For those patients without significant softening during a trial of Accolate, the only other effective alternative is to completely remove the scar tissue surrounding the implant. Although this does not eliminate the possibility of future scar tissue forming around the implant, it does reduce the risk of subsequent capsular contracture when compared to other methods. Other methods which have fallen out of favor with most surgeons include capsulotomy (which means only a scoring or breaking up of the scar tissue, not complete removal), or a closed capsulotomy (where the surgeon squeezes the breast so hard that there is actually an audible popping noise from the scar tissue breaking open) which is rarely performed anymore because it almost always fails, may break your implants, may cause internal bleeding around the implant, and probably invalidates your warranty.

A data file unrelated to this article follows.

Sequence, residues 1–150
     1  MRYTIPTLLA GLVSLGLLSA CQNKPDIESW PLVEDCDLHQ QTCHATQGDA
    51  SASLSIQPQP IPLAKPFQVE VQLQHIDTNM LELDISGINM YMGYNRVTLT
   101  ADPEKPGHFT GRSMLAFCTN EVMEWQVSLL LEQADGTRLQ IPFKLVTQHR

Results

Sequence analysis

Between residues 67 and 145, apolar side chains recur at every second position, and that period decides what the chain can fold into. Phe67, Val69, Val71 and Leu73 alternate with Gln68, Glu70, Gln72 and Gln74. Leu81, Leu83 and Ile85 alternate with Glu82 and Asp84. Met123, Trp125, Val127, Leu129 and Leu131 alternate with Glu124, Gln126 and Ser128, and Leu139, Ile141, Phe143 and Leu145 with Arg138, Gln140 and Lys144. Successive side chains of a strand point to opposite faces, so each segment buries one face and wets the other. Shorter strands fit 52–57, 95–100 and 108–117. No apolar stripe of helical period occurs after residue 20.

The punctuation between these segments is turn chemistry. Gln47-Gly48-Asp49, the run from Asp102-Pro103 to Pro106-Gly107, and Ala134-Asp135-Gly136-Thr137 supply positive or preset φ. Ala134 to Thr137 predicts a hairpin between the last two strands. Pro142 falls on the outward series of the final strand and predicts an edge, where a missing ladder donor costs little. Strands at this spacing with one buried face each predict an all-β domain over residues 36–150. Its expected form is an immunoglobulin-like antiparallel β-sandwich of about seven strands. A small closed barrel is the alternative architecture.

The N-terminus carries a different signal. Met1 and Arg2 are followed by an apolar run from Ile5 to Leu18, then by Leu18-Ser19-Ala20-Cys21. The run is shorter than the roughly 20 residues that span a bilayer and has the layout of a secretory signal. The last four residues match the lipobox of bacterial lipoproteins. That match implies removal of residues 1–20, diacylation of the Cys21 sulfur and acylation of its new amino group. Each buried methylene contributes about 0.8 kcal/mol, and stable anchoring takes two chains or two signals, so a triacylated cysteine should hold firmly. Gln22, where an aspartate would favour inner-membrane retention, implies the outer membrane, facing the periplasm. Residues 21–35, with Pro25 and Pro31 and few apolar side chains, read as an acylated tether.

The most appropriate treatment for capsular contracture is complete capsulectomy, or removal of the entire thickened capsule surrounding the breast implant. This is the most likely procedure to prevent future recurrent capsular contractures from forming. Capsulotomy, or merely cutting the capsule to release the scar formation, is much more likely to lead to a recurrence of the problem.
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News and Events
Dr. Daneshmand's Humanitarian Trip
Doctor Daneshmand's trip to Sohag Egypt
more information on this event
Doctor Daneshmand, in partnership with Rotaplast International,
has been traveling to underpriviledged countries for the past 26 years. During those missions he has treated hundreds of children with the cleft lip and palate anomaly who would otherwise not receive surgical intervention.
These Past Missions Include:
1983, 1984: Mexico;
1994, 1995: La Serena, Chile;
1996 Tunuyan, Argentina;
1997: Nuevo Progressivo, Guatemala;
1998: Cumana, Venezuela;
1999: Cumana and Maracaibo, Venezuela;
2000: Santa Cruz, Bolivia;
2001 and 2002: Caracas, Venezuela;
2006: Maracaibo, Venezuela;